296 The Challenge to Derive Solar Surface Irradiance in Cloudy Southern West Africa from Satellite: Using Surface Measurements to Evaluate and Improve CM SAF's Retrieval

Wednesday, 11 July 2018
Regency A/B/C (Hyatt Regency Vancouver)
Anke Kniffka, Karlsruhe Institute of Technology, Karlsruhe, Germany; and P. Knippertz, A. H. Fink, J. Trentmann, and U. Pfeifroth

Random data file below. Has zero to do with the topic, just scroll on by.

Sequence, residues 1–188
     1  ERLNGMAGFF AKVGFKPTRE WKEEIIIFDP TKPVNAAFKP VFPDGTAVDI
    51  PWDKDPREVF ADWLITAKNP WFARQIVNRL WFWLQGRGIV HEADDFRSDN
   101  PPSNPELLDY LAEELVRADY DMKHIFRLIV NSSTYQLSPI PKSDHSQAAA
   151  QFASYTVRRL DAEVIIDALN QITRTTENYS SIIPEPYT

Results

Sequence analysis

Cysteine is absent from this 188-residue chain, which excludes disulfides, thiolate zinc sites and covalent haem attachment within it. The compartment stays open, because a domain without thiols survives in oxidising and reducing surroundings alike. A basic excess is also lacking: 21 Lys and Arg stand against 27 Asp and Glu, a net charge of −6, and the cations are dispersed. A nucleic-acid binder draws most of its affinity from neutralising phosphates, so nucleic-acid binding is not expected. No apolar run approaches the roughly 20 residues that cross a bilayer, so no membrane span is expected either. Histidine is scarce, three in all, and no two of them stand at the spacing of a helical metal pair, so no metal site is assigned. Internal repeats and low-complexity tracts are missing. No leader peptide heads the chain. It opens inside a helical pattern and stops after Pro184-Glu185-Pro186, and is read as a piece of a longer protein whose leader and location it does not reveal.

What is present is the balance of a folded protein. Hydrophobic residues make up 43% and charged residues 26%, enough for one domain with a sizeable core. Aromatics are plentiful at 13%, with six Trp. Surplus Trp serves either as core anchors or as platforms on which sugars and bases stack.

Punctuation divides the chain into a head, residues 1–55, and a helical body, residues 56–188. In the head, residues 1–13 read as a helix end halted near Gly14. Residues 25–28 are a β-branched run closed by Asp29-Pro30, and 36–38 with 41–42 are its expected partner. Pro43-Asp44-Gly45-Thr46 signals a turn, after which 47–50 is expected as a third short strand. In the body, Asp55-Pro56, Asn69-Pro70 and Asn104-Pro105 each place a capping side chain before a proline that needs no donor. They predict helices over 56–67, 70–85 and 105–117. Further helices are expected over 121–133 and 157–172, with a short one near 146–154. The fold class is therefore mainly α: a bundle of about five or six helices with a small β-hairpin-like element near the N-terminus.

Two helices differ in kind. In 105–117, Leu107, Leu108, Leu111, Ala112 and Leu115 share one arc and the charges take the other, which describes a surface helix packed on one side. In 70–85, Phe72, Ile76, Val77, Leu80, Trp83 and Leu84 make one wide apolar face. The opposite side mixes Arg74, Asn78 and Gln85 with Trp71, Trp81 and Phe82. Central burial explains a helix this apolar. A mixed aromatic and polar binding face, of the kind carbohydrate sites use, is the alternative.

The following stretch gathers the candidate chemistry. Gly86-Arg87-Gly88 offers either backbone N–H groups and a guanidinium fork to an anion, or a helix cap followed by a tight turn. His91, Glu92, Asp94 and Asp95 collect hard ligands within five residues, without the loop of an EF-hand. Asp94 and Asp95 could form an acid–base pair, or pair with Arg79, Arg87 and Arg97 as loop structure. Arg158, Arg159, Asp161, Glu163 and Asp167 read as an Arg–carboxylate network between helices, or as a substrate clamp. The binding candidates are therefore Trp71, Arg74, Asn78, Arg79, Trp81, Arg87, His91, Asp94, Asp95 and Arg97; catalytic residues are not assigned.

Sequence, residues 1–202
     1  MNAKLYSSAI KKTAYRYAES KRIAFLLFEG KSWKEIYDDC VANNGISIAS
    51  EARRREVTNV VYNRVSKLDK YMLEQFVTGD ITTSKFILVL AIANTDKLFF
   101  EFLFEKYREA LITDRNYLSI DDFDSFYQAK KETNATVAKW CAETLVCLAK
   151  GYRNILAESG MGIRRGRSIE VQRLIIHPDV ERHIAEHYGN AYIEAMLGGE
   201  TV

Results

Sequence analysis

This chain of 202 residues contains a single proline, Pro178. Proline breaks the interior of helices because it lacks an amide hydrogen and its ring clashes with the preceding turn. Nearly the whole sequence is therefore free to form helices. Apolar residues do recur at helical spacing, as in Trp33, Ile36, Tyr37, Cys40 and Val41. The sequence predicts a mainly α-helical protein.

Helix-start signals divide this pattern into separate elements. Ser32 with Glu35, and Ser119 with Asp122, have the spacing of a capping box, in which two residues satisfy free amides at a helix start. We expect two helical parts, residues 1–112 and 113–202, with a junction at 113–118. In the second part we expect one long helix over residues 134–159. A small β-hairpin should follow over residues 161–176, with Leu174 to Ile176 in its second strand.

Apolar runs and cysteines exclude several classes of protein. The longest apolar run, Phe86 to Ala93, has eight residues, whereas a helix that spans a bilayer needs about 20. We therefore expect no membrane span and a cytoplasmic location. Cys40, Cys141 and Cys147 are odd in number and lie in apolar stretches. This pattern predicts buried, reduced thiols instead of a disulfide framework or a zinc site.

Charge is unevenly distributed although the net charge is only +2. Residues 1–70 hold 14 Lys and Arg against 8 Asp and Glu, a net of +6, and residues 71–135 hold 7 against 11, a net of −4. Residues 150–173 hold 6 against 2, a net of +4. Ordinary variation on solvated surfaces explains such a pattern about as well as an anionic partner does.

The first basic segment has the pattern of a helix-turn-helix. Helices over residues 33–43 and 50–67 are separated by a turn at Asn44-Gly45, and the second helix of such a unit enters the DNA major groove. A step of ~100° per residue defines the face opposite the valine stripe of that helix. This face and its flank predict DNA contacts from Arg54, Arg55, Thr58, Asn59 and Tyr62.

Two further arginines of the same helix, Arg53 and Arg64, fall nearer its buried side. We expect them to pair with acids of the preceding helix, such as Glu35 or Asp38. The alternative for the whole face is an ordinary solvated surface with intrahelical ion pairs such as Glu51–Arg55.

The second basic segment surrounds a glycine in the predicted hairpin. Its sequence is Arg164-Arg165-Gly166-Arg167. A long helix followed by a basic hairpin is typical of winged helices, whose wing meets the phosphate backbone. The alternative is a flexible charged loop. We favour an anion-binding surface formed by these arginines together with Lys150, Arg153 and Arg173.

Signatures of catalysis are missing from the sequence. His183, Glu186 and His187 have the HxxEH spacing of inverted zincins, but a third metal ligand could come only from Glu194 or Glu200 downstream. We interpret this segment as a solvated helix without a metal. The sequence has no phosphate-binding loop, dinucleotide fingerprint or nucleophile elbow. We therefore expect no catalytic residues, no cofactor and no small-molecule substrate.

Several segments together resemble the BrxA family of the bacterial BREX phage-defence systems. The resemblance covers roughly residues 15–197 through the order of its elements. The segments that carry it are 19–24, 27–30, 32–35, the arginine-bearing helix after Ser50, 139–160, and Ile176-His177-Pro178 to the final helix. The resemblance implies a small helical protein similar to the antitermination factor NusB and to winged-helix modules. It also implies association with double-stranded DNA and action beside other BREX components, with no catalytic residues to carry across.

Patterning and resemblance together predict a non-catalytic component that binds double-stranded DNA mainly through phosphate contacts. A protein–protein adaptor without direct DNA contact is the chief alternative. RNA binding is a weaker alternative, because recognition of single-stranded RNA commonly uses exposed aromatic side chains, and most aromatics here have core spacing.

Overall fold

The DACCIWA (Dynamics-Aerosol-Chemistry-Cloud Interactions in West Africa) project aims to investigate the impact of the drastic increase in anthropogenic emissions in West Africa on the local weather and climate. In the framework of DACCIWA, an extensive collection of surface radiation data was compiled for southern West Africa. This provides a unique opportunity to evaluate satellite-derived datasets and models with ground-based measurements in this data sparse region. Since solar surface radiation is a crucial factor for boundary layer development and convection, we evaluate the solar surface irradiance from climate models and several satellite-based datasets. Amongst them the dataset SARAH developed by EUMETSAT's Satellite Application Facility on Climate Monitoring (CM SAF) will be analysed in more detail. The estimation of solar surface irradiance is particularly difficult in regions that are covered by clouds during most of the day. This becomes apparent when comparing the retrieved solar surface irradiance with ground-based measurements. In average annual cycles, the quality of the CM SAF retrieval degrades considerably in the summer months, where the cloud cover is almost ubiquitous. Large biases are also found in winter, when haze due to natural and anthropogenic aerosol hinders the proper working of the algorithm. In this study, we identify the causes of the summer and winter biases in satellite-derived data records and propose a method to improve the derivation of solar surface irradiance for the CM SAF SARAH dataset.
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